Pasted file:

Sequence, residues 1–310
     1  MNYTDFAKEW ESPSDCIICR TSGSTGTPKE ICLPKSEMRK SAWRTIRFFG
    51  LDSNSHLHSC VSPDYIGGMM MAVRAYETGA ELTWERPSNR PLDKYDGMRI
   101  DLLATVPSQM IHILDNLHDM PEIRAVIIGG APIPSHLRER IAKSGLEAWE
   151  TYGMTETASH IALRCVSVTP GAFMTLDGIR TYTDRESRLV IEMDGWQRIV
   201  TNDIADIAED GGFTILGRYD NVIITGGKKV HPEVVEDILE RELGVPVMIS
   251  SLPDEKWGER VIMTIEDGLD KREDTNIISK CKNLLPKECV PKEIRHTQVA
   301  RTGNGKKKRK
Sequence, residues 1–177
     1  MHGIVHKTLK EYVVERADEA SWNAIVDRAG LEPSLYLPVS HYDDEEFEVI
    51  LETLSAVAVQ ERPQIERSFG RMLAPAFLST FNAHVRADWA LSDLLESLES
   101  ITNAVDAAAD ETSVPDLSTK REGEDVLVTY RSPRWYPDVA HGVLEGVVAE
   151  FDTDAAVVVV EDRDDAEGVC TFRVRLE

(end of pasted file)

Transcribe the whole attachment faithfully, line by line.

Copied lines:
Sequence, residues 1–310
     1  MNYTDFAKEW ESPSDCIICR TSGSTGTPKE ICLPKSEMRK SAWRTIRFFG
    51  LDSNSHLHSC VSPDYIGGMM MAVRAYETGA ELTWERPSNR PLDKYDGMRI
   101  DLLATVPSQM IHILDNLHDM PEIRAVIIGG APIPSHLRER IAKSGLEAWE
   151  TYGMTETASH IALRCVSVTP GAFMTLDGIR TYTDRESRLV IEMDGWQRIV
   201  TNDIADIAED GGFTILGRYD NVIITGGKKV HPEVVEDILE RELGVPVMIS
   251  SLPDEKWGER VIMTIEDGLD KREDTNIISK CKNLLPKECV PKEIRHTQVA
   301  RTGNGKKKRK
Sequence, residues 1–177
     1  MHGIVHKTLK EYVVERADEA SWNAIVDRAG LEPSLYLPVS HYDDEEFEVI
    51  LETLSAVAVQ ERPQIERSFG RMLAPAFLST FNAHVRADWA LSDLLESLES
   101  ITNAVDAAAD ETSVPDLSTK REGEDVLVTY RSPRWYPDVA HGVLEGVVAE
   151  FDTDAAVVVV EDRDDAEGVC TFRVRLE